In Imaginary Homelands, published in 1991, Salman Rushdie collected essays and critical articles written between 1981 and 1991. The collection, which came out at the height of the “Rushdie Affair”, contains several essays dealing with Rushdie’s reaction to the fatwa against him, so it is no surprise that it was given a high profile at the time of its publication. Since then, it has been very much quoted by postcolonial scholars of various persuasion, becoming, in the process, a kind of sourcebook for Rushdie’s opinions about political issues and about his own literary work. Indeed, there is a kind of porosity between Rushdie’s novels and his essays, since the latter develop and clarify ideas …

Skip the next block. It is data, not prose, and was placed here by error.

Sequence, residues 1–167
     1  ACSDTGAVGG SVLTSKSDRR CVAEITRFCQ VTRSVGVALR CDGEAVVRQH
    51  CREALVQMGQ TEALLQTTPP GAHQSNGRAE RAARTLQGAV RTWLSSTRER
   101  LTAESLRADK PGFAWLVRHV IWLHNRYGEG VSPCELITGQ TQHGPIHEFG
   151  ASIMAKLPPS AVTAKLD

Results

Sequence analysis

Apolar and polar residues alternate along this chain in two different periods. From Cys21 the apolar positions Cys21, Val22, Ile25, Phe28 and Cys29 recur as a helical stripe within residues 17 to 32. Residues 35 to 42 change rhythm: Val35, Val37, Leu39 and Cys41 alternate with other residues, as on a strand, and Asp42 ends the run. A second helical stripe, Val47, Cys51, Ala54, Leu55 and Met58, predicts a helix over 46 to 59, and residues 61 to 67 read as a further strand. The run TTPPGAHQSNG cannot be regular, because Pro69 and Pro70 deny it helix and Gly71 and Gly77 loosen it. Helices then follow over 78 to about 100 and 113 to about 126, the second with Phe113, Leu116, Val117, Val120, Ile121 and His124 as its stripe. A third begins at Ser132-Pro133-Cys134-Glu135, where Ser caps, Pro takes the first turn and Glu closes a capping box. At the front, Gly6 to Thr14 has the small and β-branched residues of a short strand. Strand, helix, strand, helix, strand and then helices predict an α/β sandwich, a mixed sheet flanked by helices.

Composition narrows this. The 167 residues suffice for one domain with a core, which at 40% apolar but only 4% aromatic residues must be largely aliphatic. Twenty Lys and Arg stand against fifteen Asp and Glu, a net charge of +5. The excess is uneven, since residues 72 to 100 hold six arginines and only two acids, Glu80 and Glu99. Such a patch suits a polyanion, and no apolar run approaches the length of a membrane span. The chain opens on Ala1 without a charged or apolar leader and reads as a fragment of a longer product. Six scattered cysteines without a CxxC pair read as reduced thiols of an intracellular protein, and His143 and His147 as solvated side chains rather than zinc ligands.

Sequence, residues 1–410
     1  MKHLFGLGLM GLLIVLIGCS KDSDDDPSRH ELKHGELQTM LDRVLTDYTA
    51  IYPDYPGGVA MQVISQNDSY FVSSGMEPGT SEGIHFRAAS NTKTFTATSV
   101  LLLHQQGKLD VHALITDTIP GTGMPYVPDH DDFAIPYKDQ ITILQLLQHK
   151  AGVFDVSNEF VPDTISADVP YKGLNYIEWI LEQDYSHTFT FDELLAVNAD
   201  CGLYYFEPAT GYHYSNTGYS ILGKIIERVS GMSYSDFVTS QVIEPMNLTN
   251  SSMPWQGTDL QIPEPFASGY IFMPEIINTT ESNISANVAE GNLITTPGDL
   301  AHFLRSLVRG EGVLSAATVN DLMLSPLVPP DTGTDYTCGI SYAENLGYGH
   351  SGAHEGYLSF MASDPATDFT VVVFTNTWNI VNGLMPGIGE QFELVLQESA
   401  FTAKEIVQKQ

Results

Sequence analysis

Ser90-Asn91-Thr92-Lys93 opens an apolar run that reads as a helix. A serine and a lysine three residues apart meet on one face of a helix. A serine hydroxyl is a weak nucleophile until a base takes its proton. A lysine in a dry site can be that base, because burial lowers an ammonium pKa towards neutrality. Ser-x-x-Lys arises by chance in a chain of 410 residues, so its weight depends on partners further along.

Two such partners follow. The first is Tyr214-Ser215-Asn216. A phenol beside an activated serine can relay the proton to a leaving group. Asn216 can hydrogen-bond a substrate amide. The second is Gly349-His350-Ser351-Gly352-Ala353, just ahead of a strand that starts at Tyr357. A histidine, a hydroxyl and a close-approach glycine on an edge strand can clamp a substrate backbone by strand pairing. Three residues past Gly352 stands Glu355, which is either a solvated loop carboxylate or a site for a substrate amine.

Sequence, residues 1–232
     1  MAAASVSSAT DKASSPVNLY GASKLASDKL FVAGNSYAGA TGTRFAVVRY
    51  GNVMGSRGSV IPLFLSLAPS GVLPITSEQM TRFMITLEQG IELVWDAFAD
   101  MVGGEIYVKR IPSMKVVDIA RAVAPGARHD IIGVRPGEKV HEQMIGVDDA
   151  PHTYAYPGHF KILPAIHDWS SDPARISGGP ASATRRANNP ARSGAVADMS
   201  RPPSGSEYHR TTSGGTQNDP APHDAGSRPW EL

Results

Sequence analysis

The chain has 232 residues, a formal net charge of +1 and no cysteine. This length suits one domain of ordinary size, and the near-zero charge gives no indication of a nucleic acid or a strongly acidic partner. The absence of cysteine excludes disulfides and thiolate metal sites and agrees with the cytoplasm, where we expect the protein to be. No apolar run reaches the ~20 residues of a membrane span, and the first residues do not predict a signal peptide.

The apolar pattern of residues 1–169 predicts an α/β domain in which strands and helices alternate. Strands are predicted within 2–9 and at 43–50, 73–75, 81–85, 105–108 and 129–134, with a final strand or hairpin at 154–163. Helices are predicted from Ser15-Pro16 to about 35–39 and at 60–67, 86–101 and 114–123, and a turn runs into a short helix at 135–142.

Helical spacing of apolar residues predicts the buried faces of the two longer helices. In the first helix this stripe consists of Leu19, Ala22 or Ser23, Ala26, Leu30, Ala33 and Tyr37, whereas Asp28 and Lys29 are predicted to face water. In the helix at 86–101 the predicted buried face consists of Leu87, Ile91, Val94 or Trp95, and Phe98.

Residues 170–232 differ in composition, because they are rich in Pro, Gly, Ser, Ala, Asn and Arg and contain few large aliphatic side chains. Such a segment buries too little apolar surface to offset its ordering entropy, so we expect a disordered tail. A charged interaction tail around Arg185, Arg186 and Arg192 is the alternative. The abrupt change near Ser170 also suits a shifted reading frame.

Pesso-Miquel, Catherine. "Imaginary Homelands: Essays and Criticism, 1981-1991". The Literary Encyclopedia. First published 30 April 2012
[http://www.litencyc.com/php/sworks.php?rec=true&UID=12250, accessed 11 March 2014.]
- Indian Prose Fiction in English
- Articles linked to group 'Postcolonial literature - Britain, The Caribbean, Australia, New Zealand'